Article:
Exploring the Player User Type – with archetypes

Player archetypes Exploring the Player User Type 8211 with archetypes

To finish off my little look at the sub-types from my User Types, I want to take a new look at the Player User Type.

I have done a deep dive on this before, but I wanted to simplify it a little.  Essentially the Player is motivated by rewards, plain and simple. They will do similar things to the intrinsically motivated group, but only if there is a reward at the end of it!

  • Self-Seeker: This group of users will act in a similar way to Philanthropists. They will answer peoples questions, share knowledge and be helpful – but for a cost. If there is no reward, don’t expect them to get involved! They can be useful, however if they are being asked to get involved for rewards, expect quantity over quality!
  • Consumer: Consumers will do what is needed to get rewards. If that requires them to learn new skills or take on challenges (like an Achiever), then they will do it. However, if they can get rewards for just doing what they were already doing – even better. Think of them as the ones who will enter competitions just for the prize or who shop at one store just for the loyalty programme.
  • Networker: Where a Socialiser connects to others because they are looking for relatedness, Networkers are looking for useful contacts that they can gain from. They follow the big influencers on social networks, not because they are interested in them, but because they hope it will get them noticed, increase their influence and lead to reward.
  • Exploiter: Like Free Spirits, these guys are looking for the boundaries of the system, where they can go and what they can do. However, for them it is a way to find new ways to rewards. If they find a loop-hole, don’t expect them to report it unless they feel others are earning more than them exploiting it! They are the most likely to exploit the system (you could say cheat!). They are also the people who will build things just to sell. Think of Second Life. Loads of people started to build things – some realised that as well as being fun, they could make some money from selling items. For a few this turned into a way of making a living. They stopped making things for fun and just made them for profit.

The Player User Type is important to recognise as most people coming into a gamified system are probably there initially due to rewards (points, prizes etc). The trick is to try and convert them from being reward oriented into intrinsically motivated users (Socialiser, Free Spirit, Achiever, Philanthropist). There is some evidence to show that the extrinsic types will convert to their analogous intrinsic types (so Networker -> Socialiser etc) but it is not a dead certainty in all cases. Design for the intrinsic user types that benefit your system, but include reward paths for the onboarding process for best effect and greatest coverage. Read More ...

Disruptor Superhero Archetypes!

I love superheroes, I make no apology for that! A while back I did a post that compared my User Types to various superheroes and super-villains.

I thought it would be fun to do the same thing for the Disruptor sub-types. It has caused me some issues and I am not totally convinced by one of them, so I would love to see your comments or indeed conversation in the forums about how this could be improved. However, until then – here are the Disruptor Superhero Archetypes!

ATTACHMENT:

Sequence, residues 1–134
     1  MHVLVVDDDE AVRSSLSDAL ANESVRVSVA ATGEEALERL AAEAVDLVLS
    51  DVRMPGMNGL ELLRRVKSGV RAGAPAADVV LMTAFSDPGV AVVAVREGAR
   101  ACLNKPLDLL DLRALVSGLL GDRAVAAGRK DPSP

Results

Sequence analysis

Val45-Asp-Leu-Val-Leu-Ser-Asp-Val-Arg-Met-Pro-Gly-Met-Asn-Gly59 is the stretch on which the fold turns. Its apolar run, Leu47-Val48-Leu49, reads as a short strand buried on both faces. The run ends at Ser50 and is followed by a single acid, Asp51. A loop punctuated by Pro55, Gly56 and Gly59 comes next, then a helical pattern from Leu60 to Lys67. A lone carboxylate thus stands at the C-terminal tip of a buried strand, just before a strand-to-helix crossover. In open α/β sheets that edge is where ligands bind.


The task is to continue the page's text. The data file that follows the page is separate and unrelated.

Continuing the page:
Magneto: He represents a bit of everything so is my choice for the overall Disruptor. He wants change, his way and will use any method possible to assure it! Read More ...

Exploring the Disruptor User Type

As time passes and I learn more, I often re-evaluate my past blogs and ideas – none more-so than my User Types! Now, don’t panic, I am not about to release version 3 – the User Types Dodecagon. The purpose of this post is to just clarify my current thinking around the disruptor type, based on what I know now.

The basic idea is still the same. Disruptors disrupt a system in some way. This may be by acting on users or on the system itself. As with the Player type, the Disruptor type is a group rather than a single type. However, I don’t tend to go into the detail as the effect on your design is generally similar for all the variations of the type. Read More ...

7 Rules for Gamification

I just thought as I had not written a post for a few days (researching for a couple of good ones!), I would put up my 7 rules  for gamification.

  • Be sure that adding gamification adds benefit for the end users.
  • Extrinsic rewards (points, prizes etc) can engage over short periods such as onboarding / enrol and enthuse phases.
  • Intrinsic motivation is essential for long term engagement and if you are looking for quality and creativity over quantity.
  • Be open about what data is collected and why. Trust is essential.
  • Define clear goals.
  • Define and collect metrics.
  • Be flexible and adapt as user needs and behaviours change.
  • Read More ...

    Game Mechanics in Gamification – Revisited

    Many moons ago I wrote about a massive misunderstanding in gamification around game mechanics and what they actually are. There were several lists around that said they were key game mechanics, which turned out to be very little to do with actual mechanics. Fast forward almost 2 years and, well it is getting better, but there is still a lot of people getting it confused. That is easily done as even in game design circles there is an argument over what they truly are, but there is a general high level agreement at least. As I summarised in my post: Read More ...

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